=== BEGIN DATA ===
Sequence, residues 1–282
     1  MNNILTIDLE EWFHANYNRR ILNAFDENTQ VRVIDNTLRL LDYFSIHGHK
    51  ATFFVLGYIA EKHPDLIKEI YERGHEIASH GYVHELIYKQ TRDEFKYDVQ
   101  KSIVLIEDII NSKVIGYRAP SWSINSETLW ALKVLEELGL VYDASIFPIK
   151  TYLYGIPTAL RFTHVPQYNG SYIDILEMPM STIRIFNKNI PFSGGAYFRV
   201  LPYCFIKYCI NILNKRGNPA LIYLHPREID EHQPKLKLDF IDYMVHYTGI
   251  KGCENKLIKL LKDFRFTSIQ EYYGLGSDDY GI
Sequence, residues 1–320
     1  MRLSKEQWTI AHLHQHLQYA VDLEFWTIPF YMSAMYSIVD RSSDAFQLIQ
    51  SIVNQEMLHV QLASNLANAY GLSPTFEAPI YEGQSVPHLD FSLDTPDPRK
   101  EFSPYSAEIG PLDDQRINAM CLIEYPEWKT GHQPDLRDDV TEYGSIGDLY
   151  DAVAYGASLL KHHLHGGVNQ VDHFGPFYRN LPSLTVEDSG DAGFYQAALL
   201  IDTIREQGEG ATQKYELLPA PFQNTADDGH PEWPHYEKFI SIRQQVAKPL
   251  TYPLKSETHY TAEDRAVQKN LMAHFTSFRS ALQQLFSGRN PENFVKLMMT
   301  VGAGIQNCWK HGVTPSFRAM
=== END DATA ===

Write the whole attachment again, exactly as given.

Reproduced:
Sequence, residues 1–282
     1  MNNILTIDLE EWFHANYNRR ILNAFDENTQ VRVIDNTLRL LDYFSIHGHK
    51  ATFFVLGYIA EKHPDLIKEI YERGHEIASH GYVHELIYKQ TRDEFKYDVQ
   101  KSIVLIEDII NSKVIGYRAP SWSINSETLW ALKVLEELGL VYDASIFPIK
   151  TYLYGIPTAL RFTHVPQYNG SYIDILEMPM STIRIFNKNI PFSGGAYFRV
   201  LPYCFIKYCI NILNKRGNPA LIYLHPREID EHQPKLKLDF IDYMVHYTGI
   251  KGCENKLIKL LKDFRFTSIQ EYYGLGSDDY GI
Sequence, residues 1–320
     1  MRLSKEQWTI AHLHQHLQYA VDLEFWTIPF YMSAMYSIVD RSSDAFQLIQ
    51  SIVNQEMLHV QLASNLANAY GLSPTFEAPI YEGQSVPHLD FSLDTPDPRK
   101  EFSPYSAEIG PLDDQRINAM CLIEYPEWKT GHQPDLRDDV TEYGSIGDLY
   151  DAVAYGASLL KHHLHGGVNQ VDHFGPFYRN LPSLTVEDSG DAGFYQAALL
   201  IDTIREQGEG ATQKYELLPA PFQNTADDGH PEWPHYEKFI SIRQQVAKPL
   251  TYPLKSETHY TAEDRAVQKN LMAHFTSFRS ALQQLFSGRN PENFVKLMMT
   301  VGAGIQNCWK HGVTPSFRAM